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J Am Geriatr Soc. 2008 Apr;56(4):705-10. Epub 2007 Nov 15.

Rehospitalization after hip fracture: predictors and prognosis from a national veterans study.

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  • 1Veterans Integrated Service Network-8 Patient Safety Center of Inquiry, James A. Haley Veterans Affairs Medical Center, Tampa, Florida 33612, USA.



To estimate the risk and long-term prognostic significance of 30-day readmission postdischarge of a 4-year cohort of elderly veterans first admitted to Medicare hospitals for treatment of hip fractures (HFx), controlling for comorbidities.


Retrospective, national secondary data analysis.


National Medicare and Veterans Health Administration (VHA) facilities.


The study cohort was 41,331 veterans with a HFx first admitted to a Medicare eligible facility during 1999 to 2002.


HFxs were linked with all other Medicare and VHA inpatient discharge files to capture dual inpatient use. Logistic regression was used to examine the relationship between 30-day readmission and age, sex, inpatient length of stay, and selected Elixhauser comorbidities.


Approximately 18.3% (7,579/41,331) of HFx patients were readmitted within 30 days. Of those with 30-day readmissions, 48.5% (3,675/7,579) died within 1 year, compared with 24.9% (8,388/33,752) of those without 30-day readmissions. Readmission risk was significantly greater in the presence of specific comorbidities, ranging from 11% greater risk for patients with fluid and electrolyte disorders (95% confidence interval (CI)=1.04-1.20) to 43% for renal failure (95% CI=1.29-1.60). For this cohort, cardiac arrhythmias (24%), chronic pulmonary disease (28%), and congestive heart failure (16%) were common comorbidities, and all affected the risk of 30-day readmission.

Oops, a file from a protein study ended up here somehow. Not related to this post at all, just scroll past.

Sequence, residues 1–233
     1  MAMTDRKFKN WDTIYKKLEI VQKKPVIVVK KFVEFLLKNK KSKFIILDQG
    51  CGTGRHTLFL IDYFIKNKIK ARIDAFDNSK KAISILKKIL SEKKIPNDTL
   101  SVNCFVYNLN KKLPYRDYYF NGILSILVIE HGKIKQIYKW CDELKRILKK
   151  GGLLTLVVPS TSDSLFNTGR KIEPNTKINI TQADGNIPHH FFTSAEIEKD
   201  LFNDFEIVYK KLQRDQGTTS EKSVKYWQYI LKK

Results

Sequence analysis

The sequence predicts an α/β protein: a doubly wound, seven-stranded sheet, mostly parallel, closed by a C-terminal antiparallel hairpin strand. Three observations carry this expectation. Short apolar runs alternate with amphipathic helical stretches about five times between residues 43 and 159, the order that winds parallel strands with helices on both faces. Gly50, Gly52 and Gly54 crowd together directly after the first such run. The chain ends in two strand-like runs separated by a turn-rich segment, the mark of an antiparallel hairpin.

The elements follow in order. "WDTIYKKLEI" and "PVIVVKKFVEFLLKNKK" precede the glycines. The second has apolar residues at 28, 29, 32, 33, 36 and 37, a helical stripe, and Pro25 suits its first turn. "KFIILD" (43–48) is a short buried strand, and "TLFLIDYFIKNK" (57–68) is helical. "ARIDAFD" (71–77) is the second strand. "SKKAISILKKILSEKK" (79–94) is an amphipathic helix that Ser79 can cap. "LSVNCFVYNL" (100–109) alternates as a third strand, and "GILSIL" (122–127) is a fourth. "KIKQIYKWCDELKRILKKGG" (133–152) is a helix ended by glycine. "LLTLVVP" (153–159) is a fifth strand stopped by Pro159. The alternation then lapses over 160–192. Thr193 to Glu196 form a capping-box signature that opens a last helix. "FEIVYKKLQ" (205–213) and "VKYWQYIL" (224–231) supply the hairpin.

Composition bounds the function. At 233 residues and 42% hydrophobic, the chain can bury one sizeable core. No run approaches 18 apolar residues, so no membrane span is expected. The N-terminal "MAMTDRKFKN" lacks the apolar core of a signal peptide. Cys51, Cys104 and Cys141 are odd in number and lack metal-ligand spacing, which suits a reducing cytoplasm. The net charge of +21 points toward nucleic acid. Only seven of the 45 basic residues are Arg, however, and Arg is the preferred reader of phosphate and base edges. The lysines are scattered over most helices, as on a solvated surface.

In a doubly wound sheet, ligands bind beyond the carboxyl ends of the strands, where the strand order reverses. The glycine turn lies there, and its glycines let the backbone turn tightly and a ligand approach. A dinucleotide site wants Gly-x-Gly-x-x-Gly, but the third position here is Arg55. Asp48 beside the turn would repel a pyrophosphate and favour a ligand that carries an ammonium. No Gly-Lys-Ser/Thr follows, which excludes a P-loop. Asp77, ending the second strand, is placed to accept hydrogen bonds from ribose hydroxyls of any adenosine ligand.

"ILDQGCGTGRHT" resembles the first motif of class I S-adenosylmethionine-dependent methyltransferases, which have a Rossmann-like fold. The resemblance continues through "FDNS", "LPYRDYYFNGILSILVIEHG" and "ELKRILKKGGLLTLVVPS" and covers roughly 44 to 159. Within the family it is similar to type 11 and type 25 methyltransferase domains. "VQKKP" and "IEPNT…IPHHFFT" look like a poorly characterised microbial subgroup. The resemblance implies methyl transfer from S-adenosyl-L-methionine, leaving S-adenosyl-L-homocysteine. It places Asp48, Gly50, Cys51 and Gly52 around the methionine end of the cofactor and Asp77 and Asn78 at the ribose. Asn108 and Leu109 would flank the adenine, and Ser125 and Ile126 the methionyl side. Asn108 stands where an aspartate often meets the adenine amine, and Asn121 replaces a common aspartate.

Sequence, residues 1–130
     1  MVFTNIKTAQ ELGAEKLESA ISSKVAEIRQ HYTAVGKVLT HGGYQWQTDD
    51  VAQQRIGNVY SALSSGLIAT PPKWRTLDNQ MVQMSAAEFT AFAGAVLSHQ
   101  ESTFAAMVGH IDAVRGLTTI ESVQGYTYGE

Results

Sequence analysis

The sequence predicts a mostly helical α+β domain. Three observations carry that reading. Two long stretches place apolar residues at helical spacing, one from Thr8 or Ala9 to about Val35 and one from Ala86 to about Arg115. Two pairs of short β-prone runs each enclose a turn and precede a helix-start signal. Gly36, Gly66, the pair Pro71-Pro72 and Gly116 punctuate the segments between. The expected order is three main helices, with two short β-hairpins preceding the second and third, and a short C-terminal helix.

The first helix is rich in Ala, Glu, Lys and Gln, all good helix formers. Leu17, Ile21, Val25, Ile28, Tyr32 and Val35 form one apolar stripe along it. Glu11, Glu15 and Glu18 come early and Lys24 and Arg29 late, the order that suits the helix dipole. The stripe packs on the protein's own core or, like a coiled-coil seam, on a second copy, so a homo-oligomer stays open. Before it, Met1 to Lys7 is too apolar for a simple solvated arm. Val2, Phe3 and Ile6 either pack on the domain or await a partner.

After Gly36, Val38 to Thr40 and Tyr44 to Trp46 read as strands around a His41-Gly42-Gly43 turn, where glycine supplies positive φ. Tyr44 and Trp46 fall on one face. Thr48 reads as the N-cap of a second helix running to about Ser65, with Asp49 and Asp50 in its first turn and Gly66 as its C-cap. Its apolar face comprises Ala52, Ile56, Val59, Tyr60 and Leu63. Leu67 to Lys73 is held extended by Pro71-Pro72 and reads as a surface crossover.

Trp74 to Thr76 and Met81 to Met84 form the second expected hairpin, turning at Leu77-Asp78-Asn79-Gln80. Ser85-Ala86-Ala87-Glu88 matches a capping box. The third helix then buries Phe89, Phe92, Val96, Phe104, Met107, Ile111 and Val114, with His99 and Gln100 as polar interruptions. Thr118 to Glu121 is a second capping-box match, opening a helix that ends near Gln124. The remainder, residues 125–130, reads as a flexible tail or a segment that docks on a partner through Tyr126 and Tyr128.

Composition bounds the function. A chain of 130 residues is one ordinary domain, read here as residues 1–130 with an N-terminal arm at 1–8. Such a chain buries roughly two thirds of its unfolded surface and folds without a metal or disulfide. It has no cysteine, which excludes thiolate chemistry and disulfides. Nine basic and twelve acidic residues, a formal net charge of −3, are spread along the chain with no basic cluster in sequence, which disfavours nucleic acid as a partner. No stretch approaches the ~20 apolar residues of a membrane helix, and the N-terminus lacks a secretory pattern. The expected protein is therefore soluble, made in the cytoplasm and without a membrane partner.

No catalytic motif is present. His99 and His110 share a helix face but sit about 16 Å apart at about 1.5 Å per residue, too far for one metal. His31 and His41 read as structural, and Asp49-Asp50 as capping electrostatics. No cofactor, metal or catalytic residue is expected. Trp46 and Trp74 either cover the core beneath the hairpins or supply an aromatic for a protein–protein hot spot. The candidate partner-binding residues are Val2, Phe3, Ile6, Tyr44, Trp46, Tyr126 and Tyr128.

Patients with HFx with 30-day readmissions were nearly twice as likely to die within 1 year. Identification of several predictive comorbidities at discharge and examination of reasons for subsequent readmission suggests that readmission was largely due to active comorbid clinical problems. These comorbidity findings have implications for the current Centers for Medicare and Medicaid Services (CMS) pay-for-performance initiatives, especially those related to better coordination of care for patients with chronic illnesses. These comorbidity findings for elderly patients with HFx may also provide data to enable CMS and healthcare providers to more accurately differentiate between comorbidities and hospital-acquired complications under the current CMS initiative related to nonpayment for certain types of medical conditions and hospital acquired infections.

[PubMed - indexed for MEDLINE]
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